The great weight of German expectation will slam headlong into a wall of Australian defensive grit and muscle when the spectacular new Moses Mabhida stadium hosts its first World Cup match on Sunday.
Germany's World Cup pedigree — three titles, four-times losing finalists and three third places —demands success of Joachim Loew's team regardless of injury problems and stuttering strikers.
Deprived by injury of captain Michael Ballack and four other players, Germany's youngest tournament squad for three quarters of a century could have hoped for an easier Group D opener than to face a hugely experienced Australia side.
“They have an unbelievable passion, unbelievable organisation and a near-perfect defensive structure,” Loew said of the Australians. “It is a very tough first match but our players will be confident and we want to win that match.”
Loew is likely to stick with Miroslav Klose as his sole striker, hoping he can rediscover the scoring form noticeably absent for Bayern Munich this season but which made him the tournament's top scorer four years ago on home soil. The 32-year-old will be looking for support from three attacking midfielders, including Lukas Podolski on the left wing, to help him unpick the Australia defence.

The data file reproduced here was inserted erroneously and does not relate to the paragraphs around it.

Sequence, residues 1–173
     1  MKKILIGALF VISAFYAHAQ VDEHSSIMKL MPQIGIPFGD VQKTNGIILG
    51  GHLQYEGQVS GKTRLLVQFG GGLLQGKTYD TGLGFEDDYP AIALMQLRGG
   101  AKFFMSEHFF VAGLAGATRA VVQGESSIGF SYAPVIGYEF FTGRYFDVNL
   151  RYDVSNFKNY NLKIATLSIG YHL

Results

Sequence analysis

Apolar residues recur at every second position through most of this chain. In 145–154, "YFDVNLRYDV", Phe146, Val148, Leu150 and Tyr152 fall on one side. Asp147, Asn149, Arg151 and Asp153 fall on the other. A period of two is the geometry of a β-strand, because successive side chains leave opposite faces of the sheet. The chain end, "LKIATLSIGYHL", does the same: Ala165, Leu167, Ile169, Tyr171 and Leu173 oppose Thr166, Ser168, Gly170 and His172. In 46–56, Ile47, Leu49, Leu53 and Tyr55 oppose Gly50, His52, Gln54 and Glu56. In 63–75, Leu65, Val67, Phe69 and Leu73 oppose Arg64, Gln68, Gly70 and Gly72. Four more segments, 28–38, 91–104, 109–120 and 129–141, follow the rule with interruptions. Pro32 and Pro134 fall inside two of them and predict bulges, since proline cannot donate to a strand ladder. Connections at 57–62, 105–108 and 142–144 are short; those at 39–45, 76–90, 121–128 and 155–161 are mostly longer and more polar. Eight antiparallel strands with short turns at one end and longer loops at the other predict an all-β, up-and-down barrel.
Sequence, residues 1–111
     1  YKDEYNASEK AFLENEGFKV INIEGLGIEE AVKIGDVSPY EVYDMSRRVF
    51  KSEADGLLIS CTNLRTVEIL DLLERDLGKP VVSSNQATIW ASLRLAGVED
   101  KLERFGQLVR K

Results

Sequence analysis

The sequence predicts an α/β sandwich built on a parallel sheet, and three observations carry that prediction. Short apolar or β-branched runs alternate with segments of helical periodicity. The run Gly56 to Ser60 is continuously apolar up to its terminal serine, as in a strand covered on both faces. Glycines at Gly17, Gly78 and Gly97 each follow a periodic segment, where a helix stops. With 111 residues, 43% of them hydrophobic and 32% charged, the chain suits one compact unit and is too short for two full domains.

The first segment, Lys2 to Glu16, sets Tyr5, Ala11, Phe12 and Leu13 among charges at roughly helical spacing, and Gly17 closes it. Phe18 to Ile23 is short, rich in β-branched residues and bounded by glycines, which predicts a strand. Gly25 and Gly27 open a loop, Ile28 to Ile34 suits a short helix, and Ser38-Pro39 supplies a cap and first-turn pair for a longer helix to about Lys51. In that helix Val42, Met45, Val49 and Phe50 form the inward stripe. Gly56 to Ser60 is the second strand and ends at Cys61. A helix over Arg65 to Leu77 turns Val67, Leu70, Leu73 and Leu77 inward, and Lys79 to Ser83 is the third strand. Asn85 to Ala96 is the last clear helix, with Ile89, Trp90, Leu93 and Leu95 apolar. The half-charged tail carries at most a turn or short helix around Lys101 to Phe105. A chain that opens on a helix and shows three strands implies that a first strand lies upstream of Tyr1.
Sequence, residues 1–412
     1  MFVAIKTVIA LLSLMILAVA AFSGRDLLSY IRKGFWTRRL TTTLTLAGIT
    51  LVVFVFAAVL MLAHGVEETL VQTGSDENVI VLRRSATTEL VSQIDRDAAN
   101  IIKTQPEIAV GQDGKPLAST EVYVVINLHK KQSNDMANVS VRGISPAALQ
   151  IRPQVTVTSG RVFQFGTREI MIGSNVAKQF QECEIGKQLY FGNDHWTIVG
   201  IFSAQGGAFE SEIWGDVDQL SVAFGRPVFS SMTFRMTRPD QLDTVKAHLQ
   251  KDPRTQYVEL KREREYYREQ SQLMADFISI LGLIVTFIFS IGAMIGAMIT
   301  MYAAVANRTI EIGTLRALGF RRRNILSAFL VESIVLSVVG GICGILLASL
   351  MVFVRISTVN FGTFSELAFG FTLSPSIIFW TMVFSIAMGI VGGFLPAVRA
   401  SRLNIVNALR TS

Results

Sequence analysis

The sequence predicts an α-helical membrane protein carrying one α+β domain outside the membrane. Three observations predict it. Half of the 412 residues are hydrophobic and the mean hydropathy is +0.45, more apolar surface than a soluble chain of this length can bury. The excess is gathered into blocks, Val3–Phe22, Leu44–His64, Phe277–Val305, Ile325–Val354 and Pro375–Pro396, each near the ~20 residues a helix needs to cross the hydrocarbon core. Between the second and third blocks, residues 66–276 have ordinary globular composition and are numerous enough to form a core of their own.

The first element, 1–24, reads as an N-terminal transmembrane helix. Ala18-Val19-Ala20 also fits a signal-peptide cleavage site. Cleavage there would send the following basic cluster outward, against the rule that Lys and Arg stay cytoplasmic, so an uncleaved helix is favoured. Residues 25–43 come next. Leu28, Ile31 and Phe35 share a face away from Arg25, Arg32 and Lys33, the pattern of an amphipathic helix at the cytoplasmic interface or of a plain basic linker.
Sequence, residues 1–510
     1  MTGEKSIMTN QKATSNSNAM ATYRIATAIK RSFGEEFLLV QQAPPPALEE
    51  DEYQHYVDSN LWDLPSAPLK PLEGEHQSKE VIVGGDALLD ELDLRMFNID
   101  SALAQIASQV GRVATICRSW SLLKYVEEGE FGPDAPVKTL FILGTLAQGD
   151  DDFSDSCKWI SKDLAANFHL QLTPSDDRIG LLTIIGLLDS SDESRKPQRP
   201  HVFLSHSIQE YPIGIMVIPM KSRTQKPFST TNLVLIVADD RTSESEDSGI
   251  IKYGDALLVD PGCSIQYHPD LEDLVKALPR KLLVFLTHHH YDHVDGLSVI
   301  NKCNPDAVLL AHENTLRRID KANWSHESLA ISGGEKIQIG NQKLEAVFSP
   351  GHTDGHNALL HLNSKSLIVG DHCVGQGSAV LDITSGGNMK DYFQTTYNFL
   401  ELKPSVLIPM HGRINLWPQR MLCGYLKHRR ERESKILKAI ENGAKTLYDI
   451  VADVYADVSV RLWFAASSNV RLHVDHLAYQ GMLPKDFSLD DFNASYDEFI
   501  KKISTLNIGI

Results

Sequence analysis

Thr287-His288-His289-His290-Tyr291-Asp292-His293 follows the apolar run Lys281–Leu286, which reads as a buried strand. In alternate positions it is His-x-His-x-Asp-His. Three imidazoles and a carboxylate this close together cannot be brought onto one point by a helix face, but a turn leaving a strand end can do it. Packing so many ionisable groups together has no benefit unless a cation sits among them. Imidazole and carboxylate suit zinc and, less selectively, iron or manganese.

“We have to find the gaps,” Podolski told reporters.
Australia's Dutch coach Pim Verbeek has midfield goalscoring threat Tim Cahill and his most talented attacker, Harry Kewell, fit again after injury.
Kewell has not played in any of their warm-up matches, however, so is unlikely to start for the Socceroos with Josh Kennedy set to remain lone striker.
Australian defence vs Garman attack
Germany's wingers have promised to "tear apart" the mealy-mouthed Australian defence which enjoyed a sterling reputation in qualifying. In Fulham goalkeeper Mark Schwarzer, the Socceroos have one of the world's top shot stoppers, but even he would concede that he will probably have his work cut out against the likes of Miroslav Klose, top scorer in the last World Cup.